If you buy a good bike, buy a good lock. Sad Story.

My friend bought a new bike this summer.

A nice bike. A really nice bike that he could barely afford. In fact, this bike has been on my own dream-bike list for at least four years. I can’t afford it, but I’m still pining for it or something like it.

This friend does not have much money. He’s rarely owned a vehicle and has never had a great job. He bought this bike to get around and the bike shop may have sold him too much bike. It’s a Cannondale CAADX Cyclocross bike.

He was trying out different road bikes and just saw this one hanging up in the store. It looked cool so he bought it. It’s kind of funny, I was talking to him at church a couple days after and trying to find out what bike he bought.

Friend: “I don’t know, it’s a road bike… Cannon-something”

Me: “What? A Cannondale? Whoa, that’s crazy! My favorite bike is a Cannondale cyclocross bike. It’s good for road and dirt and racing.”

Friend: “Oh no, I wouldn’t need that. I only ride on the roads. I’m not even sure what bike I have, just that it was nice at the store. It’s locked up outside, if you want to see it.”

*sound of me running up the back stairs out the back door*

It was so awesome, I snapped this photo right away:

$1200 Cannondale CAADX Cyclocross Bike. $20 lock.

$1200 Cannondale CAADX Cyclocross Bike. $20 lock.

Me (thinking to myself): It IS a Cannondale Cyclocross bike! I want it so bad!

Me: “Hey, that’s a really nice bike, you really should get a decent lock for it. Especially since you live in the West End of Winnipeg (the bike-stealing capital of our city).”

Friend: “I can’t afford a lock, I spent everything I have on this bike. I’m sure it’ll be OK.”

(I’m sure you understand I’m paraphrasing here, but you get the idea)

Two Weeks Later

Me: “Hey, how’s your new bike? We should go riding sometime!”

At this point my friend had on a seriously sad-looking face. With his eyes downcast, he told me that it had just been stolen. He had taken it to the gym and locked it up. I think it was out of his sight about an hour. When he came back, it was gone.

I was sad, frustrated, and angry about this whole situation. It really sucks! I hate bike theft! Especially this one. He might never afford a bike like this again and he’ll probably be so burned that he’ll end up with $100 Wal-Mart ones for life. I’m sure he literally spent the last of his money on that bike and had no room to buy a lock.

Look, folks. Even if you have a lock already, when you’re ready to drop a grand on a new bike, consider putting like 10% of that towards the security of that bike. Don’t just use your old cable lock that was good enough for your $100 bike.

I’m not endorsing any specific lock, but I know that when I do save up and get my dream-bike, I’ll also be saving for a heck-of-a-lock for it! Probably about a $200 lock. And this bike will not reside in my garage.

For the first week, it may reside next to me on my bed, but I’m sure my wife will understand.

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About Kurt (Lightning) Bredeson

I am a married man, a follower of Jesus, a Mechanical Engineer, and a lover of cars, cycling and music. Things haven't always been easy; things haven't always been hard. I'm just trying my best in this life to enjoy what's been given to me by God and make the most of it.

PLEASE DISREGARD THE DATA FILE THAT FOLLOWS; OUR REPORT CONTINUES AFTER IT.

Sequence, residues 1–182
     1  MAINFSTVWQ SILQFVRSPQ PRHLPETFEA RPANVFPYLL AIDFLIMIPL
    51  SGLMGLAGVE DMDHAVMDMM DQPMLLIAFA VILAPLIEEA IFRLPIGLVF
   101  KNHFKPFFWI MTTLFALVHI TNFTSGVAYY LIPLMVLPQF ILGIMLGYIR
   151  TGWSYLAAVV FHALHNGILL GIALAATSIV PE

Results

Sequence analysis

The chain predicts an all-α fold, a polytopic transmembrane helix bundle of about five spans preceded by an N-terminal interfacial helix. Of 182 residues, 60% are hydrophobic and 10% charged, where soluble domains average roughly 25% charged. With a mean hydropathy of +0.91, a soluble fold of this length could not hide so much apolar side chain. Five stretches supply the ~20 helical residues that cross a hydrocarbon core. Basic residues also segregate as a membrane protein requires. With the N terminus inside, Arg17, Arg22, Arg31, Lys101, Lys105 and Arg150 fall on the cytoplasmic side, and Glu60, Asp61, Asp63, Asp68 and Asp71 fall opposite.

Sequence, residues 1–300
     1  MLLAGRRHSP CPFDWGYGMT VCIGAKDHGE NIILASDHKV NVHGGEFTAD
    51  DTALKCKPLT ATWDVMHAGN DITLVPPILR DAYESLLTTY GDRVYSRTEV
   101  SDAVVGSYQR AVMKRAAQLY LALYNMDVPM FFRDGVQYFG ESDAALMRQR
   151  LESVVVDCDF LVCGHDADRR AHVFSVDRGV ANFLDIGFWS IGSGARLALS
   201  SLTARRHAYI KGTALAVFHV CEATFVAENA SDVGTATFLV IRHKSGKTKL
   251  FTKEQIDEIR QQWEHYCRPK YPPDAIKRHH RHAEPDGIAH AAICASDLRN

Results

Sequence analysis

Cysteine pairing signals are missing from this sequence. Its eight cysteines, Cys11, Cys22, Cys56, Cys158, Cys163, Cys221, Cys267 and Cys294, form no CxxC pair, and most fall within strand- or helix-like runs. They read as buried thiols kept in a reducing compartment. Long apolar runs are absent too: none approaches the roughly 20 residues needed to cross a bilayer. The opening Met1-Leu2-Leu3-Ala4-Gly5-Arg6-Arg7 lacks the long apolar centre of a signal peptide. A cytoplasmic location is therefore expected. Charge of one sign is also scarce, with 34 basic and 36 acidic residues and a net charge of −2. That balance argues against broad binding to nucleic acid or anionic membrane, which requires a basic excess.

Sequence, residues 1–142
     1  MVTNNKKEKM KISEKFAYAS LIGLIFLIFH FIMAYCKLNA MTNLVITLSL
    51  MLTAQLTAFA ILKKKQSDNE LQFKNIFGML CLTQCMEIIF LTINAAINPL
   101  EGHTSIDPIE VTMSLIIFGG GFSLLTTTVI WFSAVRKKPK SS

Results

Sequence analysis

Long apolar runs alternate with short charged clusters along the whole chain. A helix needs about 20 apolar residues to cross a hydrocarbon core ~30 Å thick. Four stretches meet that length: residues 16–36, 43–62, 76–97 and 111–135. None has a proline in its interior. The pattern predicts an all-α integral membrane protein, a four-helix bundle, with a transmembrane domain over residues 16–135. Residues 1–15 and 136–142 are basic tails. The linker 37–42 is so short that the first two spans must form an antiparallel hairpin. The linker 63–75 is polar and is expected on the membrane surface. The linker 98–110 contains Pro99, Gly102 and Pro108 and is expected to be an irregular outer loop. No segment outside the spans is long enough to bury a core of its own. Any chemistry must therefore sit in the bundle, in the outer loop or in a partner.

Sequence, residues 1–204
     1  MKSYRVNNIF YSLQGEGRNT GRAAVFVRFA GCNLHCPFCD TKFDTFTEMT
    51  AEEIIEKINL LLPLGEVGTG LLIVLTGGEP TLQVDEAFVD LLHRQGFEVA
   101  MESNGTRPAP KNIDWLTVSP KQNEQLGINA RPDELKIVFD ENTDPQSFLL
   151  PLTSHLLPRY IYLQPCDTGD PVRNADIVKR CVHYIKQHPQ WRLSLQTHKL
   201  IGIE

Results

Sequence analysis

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4 Responses to If you buy a good bike, buy a good lock. Sad Story.

  1. Francie says:

    sad to hear the poor guy lost such a great bike in only 2 weeks. i agree with the above comment about good post; cyclists NEED TO KNOW! lost my lovely gold coloured Peugeot 10-speed while locked up to my (new) apartment building’s bike rack. same thing – cheap lock. i’d been there about a week or 2. this was in the 70’s, so it’d be Vintage now. was fortunate to have enjoyed it for a few years at least.

  2. tuckamoredew says:

    I’m very sorry this happened to your friend – It’s simultaneously saddening and angering.

    Although the chances of him getting it back are slim he should definitely make sure it’s reported to the police (including the serial number which he should have or be able to get fro the bike shop). Also, even after the fact registering it at sites like http://www.bikeindex.org and http://www.bikeshepherd.ca may give a chance of recovering it.

    I wish the bike shop had sold him a $1100 bike with a $100 lock instead of a $1200 bike.

    Unfortunately, aside from inadequate locks many people don’t properly use even good locks correctly. In the picture you took of his bike he only has the wheels locked and it would likely be possible for a thief to just remove the wheels and walk away with an expensive frame and attached components. Here’s a video we made at EBC showing some of the ways improperly locked bikes are stolen and some better locking techniques:

  3. CC says:

    Good post. I met a lady in the bike shop the other day who did the same thing. She bought something like an Abus Bordo and had quick release wheels. I gave her my cable lock and informed her to get a good U-Lock. Her brand new bike wasn’t this expensive but an extension of her livelihood nonetheless.

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